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Rotational dynamics problem

  1. Mar 14, 2014 #1
    1. The problem statement, all variables and given/known data
    a) A 1.5 kg frog sits at rest on top of a solid disk. The disk's mass is 4 kg, its radius is 1.25 m, and it rotates on a frictionless axle. The frog jumps from the disk at 3.7 m/s at an angle of 50°. Find the angular momentum of the frog about the axle as it leaves the disk.
    b)How much time will it take the disk in this problem to rotate one complete revolution after the frog jumps?


    2. Relevant equations
    a) ∠=mvrsinσ

    b)v=d/t or 2∏r/v=t
    3. The attempt at a solution
    I was able to find the angular momentum of the frog just fine. ∠=-4.46kgm^2/s. My problem is finding the time it takes the disk to complete one revolution after the frog has jumped. I used t=d/v or 2∏r/v=2∏(1.25m)/3.7m/s. The answer is supposed to be 4.40 seconds and I am getting something different. Am I setting up this problem incorrectly?
     
  2. jcsd
  3. Mar 14, 2014 #2

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    Hello Chase11,

    Welcome to Physics Forums! :smile:

    But that method won't work. You don't know what the velocity of the edge of the disk is (you were assuming it's 3.7 m/s, but it's not. That's the frog's velocity, not the disk's) [Edit: by that I mean you don't know what the velocity is yet. In a sense, that is what you will end up solving for.]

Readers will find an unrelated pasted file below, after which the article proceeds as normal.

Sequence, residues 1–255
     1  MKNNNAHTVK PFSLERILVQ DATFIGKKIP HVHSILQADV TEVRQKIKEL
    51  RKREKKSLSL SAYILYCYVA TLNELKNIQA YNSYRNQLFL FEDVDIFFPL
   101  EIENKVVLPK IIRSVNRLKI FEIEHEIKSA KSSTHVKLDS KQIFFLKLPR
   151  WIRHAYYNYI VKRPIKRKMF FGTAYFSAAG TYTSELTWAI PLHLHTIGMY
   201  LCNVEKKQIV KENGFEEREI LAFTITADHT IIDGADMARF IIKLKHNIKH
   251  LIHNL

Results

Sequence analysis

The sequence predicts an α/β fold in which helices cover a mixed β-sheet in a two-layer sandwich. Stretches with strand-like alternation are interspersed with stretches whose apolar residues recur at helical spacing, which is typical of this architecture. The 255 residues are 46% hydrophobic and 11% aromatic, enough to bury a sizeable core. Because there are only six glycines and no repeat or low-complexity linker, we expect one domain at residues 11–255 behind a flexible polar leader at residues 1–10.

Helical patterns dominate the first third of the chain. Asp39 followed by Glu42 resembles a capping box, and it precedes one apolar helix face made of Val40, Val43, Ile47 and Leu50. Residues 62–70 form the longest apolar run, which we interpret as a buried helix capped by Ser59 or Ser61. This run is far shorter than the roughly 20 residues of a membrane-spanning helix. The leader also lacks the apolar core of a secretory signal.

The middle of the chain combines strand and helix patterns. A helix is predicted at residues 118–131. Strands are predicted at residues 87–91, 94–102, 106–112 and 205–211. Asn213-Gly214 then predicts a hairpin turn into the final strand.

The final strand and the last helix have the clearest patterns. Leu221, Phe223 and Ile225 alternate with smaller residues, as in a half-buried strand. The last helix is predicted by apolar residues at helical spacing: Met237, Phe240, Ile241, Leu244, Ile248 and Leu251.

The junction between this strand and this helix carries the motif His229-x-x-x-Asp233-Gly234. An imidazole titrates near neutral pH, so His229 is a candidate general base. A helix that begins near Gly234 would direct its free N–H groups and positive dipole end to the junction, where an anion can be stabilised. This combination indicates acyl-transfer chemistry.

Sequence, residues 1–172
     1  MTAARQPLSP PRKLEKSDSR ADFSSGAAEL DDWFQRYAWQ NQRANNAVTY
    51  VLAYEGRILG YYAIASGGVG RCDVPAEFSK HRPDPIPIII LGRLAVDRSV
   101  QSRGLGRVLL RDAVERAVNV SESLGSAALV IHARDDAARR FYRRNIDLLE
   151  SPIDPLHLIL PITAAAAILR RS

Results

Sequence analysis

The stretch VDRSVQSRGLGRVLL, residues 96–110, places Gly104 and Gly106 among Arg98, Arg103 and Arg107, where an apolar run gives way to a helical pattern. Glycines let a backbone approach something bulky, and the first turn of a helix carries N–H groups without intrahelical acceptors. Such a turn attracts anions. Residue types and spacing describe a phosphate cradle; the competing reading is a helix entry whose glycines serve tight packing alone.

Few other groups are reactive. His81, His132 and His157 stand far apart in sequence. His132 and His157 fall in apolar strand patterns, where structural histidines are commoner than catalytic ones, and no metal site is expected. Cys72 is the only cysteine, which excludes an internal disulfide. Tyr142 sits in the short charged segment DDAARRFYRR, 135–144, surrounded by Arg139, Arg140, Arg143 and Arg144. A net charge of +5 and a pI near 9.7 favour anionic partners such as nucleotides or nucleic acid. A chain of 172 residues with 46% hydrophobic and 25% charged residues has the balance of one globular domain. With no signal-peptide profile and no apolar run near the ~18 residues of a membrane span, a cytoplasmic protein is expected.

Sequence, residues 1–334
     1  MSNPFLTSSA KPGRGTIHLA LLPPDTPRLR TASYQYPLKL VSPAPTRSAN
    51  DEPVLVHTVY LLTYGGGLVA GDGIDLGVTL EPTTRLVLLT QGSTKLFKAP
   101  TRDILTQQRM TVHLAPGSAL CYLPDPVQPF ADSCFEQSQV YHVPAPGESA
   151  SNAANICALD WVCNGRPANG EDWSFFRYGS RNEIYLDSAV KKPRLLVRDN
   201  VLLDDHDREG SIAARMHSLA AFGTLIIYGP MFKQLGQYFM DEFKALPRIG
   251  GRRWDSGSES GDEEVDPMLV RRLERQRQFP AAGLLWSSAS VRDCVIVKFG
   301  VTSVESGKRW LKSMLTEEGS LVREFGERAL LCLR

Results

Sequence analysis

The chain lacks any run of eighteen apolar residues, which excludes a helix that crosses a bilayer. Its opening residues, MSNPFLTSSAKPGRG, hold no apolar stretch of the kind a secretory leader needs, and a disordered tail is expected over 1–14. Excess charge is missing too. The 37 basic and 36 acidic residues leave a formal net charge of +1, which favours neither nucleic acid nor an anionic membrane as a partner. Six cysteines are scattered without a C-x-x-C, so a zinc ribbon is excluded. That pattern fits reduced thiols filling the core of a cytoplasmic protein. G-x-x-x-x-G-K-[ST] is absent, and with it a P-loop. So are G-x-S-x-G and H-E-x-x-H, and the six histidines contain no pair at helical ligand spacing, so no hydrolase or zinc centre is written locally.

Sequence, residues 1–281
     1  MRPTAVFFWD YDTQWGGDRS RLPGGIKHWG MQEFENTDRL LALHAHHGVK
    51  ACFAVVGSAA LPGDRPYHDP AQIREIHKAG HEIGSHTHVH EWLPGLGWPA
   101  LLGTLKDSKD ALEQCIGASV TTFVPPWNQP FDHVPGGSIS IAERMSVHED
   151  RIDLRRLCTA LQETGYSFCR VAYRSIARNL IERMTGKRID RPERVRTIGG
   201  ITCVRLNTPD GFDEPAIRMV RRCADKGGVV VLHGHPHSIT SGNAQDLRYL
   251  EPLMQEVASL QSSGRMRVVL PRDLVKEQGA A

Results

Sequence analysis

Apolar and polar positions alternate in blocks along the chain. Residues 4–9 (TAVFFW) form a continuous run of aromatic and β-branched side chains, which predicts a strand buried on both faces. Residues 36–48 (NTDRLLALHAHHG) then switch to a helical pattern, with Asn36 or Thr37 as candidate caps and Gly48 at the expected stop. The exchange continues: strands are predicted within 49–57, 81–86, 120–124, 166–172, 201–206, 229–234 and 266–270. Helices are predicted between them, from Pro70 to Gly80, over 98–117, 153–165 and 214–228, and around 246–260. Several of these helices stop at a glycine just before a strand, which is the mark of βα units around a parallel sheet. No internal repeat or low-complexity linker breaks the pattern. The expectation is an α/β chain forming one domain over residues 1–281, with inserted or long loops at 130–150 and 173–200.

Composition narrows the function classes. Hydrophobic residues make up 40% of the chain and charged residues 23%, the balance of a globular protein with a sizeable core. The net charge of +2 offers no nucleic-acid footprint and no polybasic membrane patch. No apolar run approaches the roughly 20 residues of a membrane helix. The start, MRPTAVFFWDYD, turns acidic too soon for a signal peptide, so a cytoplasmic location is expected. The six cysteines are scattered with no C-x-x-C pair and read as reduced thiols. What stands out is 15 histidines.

Besides, it doesn't even take the mass of the disk into account.

    Try to start part b) of the problem with conservation of angular momentum. (As an interim step, you'll need to find the disk's moment of inertia. :wink:)
     
    Last edited: Mar 14, 2014
  4. Mar 14, 2014 #3

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    By the way, that's one big frog! :tongue2:
     
  5. Mar 14, 2014 #4
    You've assumed that the disk is rotating the same speed as the frog. Imagine if the disk was the planet earth instead.
     
  6. Mar 14, 2014 #5
    Sorry I am still confused. I found the moment of inertia of the disk is I=1/2Mr^2 or (1/2)(4kg)(1.25m)^2=3.125kgm^2.

    So if I use the conservation of angular momentum I have Iiωi=Ifωf. I don't understand what is going to change here between the initial and final values for the moment of inertia. Wouldn't it be the same for both?
     
  7. Mar 14, 2014 #6
    Moment of inertia doesn't change and the angular momentum of the frog-disk system doesn't change either.
     
  8. Mar 14, 2014 #7
    So how do I use Conservation of angular momentum to solve for this?
     
  9. Mar 14, 2014 #8
    Before the frog jumped, what was the angular momentum of the system?
     
  10. Mar 14, 2014 #9
    Zero?
     
  11. Mar 14, 2014 #10
    Correct, so what then is the angular momentum of the system after the frog jumped?
     
  12. Mar 14, 2014 #11
    It must also be zero.
     
  13. Mar 14, 2014 #12

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    Correct! :approve:

    So you already know the angular momentum of the frog part of the frog-disk system (after the jump). What does that tell you about the disk part of the frog disk system (after the jump)? :wink:
     
  14. Mar 14, 2014 #13
    So is it 4.46 kgm^2/sec since the frog's was -4.46?
     
  15. Mar 14, 2014 #14

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    Right! Very nice. :approve:

    So now, how does the disk's rotational period fit in?
     
  16. Mar 14, 2014 #15
    Okay so if I have ∠of disc=4.46kgm^2/sec 4.46=mvr

    so 4.46=(4kg)ω(1.25m) I get ω=.892 m/s.

    Then T=2pi/ω I get T=7.04sec. This is still the wrong answer.
     
  17. Mar 14, 2014 #16
    What happened to your beautiful Iω that you spent all that time calculating?
     
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